Strategic Warehouse Management Inc. must also take into consideration the various regulations in the labor market that have a significant impact in the company’s employee relations. Under the Australian employment laws, all facilities classified as Major Hazard Facilities (MHF) which include warehouse operations must institute a Safety Management System (SMS) for managing risks and health issues that may arise in the course of operations. The System Management System should have adequate control measures in relation to incidents which may occur in the warehouse. Labor laws in Australia are guided by the Commonwealth Constitution. The Commonwealth Constitution comprise of 6 member states and two territories. The Commonwealth Constitution defines the legal relation between the states. As such, the Commonwealth Constitution can enact labor laws and to prevent or solve industrial disputes.

Export procedures and import procedures in the U.S.

Warehouses frequently engage in import and export of products across different countries. Strategic Warehouse Management Inc. will be specifically importing and exporting products to the United States. It is thus important to outline the legislative requirements expected to be fulfilled.

The Australian custom laws do not require importing companies to hold import license for goods in the Australian market. Nonetheless, there are a number of regulations that importers must comply with. Goods brought into Australian market from the U.S. and other parts of the world must go through Customs for clearance. Importers are required to obtain clearance from Customs for goods above $250 value and imported through sea or air, and for goods above the value of $1000 imported via the postal system. Goods below the above respective values can be cleared by acquiring an Informal Clearance Document (ICD) from Customs offices. Goods imported into Australia from the U.S. attract a Customs duty or a Goods and Services Tax. The rates are determined by the type of goods as well as the country of origin. In 2004, the Australia-United States Free Trade Agreement (AUSFTA) pact was signed between the two countries allowing U.S. goods to enter the Australian market at preferential duty rates.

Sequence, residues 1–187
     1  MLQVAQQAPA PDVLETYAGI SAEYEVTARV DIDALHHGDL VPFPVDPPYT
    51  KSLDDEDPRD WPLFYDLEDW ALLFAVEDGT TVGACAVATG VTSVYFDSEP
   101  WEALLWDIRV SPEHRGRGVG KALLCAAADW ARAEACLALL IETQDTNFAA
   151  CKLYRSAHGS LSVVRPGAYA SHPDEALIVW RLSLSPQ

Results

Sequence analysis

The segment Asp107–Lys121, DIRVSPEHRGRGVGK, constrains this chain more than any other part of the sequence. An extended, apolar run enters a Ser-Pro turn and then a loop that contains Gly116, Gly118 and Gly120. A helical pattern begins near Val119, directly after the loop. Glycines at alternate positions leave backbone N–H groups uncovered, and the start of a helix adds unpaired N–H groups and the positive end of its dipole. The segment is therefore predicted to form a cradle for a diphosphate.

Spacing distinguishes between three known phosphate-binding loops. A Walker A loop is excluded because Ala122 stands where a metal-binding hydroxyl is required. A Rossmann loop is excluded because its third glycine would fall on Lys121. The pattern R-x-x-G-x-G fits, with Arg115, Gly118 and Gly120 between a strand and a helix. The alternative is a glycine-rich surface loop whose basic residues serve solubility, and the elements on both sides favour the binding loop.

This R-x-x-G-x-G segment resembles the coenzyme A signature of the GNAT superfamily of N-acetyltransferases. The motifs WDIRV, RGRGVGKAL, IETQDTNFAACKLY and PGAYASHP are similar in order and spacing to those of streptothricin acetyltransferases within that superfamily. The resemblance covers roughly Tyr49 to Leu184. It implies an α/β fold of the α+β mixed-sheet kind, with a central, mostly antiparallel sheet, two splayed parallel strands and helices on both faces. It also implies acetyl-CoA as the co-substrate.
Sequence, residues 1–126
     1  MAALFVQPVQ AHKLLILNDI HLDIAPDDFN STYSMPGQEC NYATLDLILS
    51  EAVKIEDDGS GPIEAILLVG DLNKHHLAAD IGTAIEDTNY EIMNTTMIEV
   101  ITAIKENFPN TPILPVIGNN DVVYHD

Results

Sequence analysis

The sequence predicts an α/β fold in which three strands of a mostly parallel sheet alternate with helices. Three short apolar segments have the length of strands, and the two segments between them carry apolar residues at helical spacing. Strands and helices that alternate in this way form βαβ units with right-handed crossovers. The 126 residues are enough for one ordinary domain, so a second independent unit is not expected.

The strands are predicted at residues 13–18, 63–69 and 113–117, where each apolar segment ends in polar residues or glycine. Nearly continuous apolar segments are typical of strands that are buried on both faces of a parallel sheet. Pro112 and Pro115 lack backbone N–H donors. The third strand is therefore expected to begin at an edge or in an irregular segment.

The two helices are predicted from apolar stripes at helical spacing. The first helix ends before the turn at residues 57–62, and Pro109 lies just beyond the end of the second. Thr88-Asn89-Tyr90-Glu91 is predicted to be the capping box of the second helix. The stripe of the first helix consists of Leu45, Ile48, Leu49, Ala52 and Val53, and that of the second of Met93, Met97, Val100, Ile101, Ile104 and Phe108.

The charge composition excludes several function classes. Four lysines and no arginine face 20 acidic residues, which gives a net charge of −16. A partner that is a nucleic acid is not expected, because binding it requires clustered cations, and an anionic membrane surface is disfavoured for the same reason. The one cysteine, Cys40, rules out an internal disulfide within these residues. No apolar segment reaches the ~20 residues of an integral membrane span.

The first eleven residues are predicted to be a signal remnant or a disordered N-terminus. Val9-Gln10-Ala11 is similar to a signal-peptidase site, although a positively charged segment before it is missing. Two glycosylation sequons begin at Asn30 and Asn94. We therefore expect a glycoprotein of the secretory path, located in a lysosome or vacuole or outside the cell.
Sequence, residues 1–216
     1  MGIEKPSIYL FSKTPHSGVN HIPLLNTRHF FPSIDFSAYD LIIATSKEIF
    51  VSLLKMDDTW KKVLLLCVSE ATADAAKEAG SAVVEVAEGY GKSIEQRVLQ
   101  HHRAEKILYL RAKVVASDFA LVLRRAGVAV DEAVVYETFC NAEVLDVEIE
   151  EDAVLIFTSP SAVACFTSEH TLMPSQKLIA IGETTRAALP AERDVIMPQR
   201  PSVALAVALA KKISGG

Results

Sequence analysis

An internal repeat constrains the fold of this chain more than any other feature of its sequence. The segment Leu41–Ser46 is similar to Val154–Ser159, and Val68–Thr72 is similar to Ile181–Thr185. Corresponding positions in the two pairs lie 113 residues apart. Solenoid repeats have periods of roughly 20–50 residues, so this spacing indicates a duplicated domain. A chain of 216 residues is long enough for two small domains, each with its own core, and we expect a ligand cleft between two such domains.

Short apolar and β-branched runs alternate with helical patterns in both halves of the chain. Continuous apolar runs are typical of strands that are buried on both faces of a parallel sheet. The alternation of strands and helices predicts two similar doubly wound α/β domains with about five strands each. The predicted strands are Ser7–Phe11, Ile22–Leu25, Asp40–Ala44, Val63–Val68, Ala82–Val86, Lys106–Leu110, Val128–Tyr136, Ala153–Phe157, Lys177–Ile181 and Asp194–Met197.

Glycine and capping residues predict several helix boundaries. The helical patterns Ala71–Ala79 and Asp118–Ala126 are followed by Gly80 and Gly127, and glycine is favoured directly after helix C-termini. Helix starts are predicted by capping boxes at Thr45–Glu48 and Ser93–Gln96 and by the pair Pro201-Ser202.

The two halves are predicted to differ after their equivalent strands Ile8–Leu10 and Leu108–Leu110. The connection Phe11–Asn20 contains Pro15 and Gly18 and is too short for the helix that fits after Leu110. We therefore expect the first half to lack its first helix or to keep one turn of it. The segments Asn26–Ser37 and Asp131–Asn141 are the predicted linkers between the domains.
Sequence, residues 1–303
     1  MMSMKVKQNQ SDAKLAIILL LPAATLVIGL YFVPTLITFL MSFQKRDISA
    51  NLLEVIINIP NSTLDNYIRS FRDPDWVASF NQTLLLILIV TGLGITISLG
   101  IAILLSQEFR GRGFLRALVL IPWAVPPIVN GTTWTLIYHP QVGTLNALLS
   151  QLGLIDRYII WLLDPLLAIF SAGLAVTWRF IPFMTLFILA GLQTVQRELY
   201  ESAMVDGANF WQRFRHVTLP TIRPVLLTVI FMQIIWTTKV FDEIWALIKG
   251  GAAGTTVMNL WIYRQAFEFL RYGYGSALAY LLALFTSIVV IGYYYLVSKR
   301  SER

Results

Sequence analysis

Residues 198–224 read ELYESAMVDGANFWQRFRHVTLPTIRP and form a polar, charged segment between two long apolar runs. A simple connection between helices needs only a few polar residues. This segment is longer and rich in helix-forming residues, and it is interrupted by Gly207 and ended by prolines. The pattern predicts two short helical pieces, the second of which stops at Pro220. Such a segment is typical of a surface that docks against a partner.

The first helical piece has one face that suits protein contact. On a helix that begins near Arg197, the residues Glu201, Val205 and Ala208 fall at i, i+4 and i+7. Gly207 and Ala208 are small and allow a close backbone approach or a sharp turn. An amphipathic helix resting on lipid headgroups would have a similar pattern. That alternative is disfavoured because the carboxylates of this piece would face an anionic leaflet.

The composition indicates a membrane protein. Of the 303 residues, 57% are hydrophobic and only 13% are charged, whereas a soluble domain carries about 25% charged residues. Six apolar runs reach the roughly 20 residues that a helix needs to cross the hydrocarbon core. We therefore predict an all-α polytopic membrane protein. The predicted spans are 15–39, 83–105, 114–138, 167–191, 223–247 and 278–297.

In order to obtain preferential duty rates, certain documentation is necessary to importers so as to substantiate their claims on origins of their cargo. Importers may claim preferential duty rates even without written advice. However, it is much easier when importers obtain verifying documents about the country of origin. The most common forms of proof on the origins of the goods include a Certificate of Origin and a Producer Statement. Both of these documents, even though not mandatory, can help in proving the origin of goods (“Australian Customs Service,” 2005).

Export procedures of goods into the U.S. market are also impacted by the Australia-United States Free Trade Agreement. Under the trade agreement, majority of Australian exports can freely enter the United States market. Australian exports into the U.S. are thus tax exempt and also exempted from other costs such as the merchandise processing fee. Export of goods is regulated by the Department of Immigration and Border Protection (DIBP) in Australia. In order to begin the export process, the exporter of goods is required to notify Customs. This also includes the transshipment as well as the in-transit cargo. In moving goods from Australia into the U.S. market, the exporter is first supposed to obtain an export declaration document from Customs. A warehouse release notice is then produced for the cargo to be released from the warehouse. Customs also issues a depot receiver notice to the respective depot. A Customs Authority Number is also issued to mark the cargo. In the departure of cargo, a certificate of clearance is issued (“Australian Customs Service,” 2014).

Supply chain risks and possible mitigations

Supply chain management has undergone radical transformation from the traditional form. This can be seen in adoption of new technologies, and changes in sourcing arrangements, often embracing modern practices such as outsourcing. There are a number of inherent supply chain risks that may impact Strategic Warehouse Management Inc.

Supply risks – supply risks may arise due to such factors as supplier continuity, pricing of raw materials, viability of supplier, strategic sourcing issues, counterfeiting issues, and inbound logistics affecting suppliers. Inherent risks involving suppliers are all the factors that may hinder the suppliers from delivering products on time. These risks may be as a result of channel complexity, quality controls, financial impediments, and communication breakdown between the warehouse and the supplier.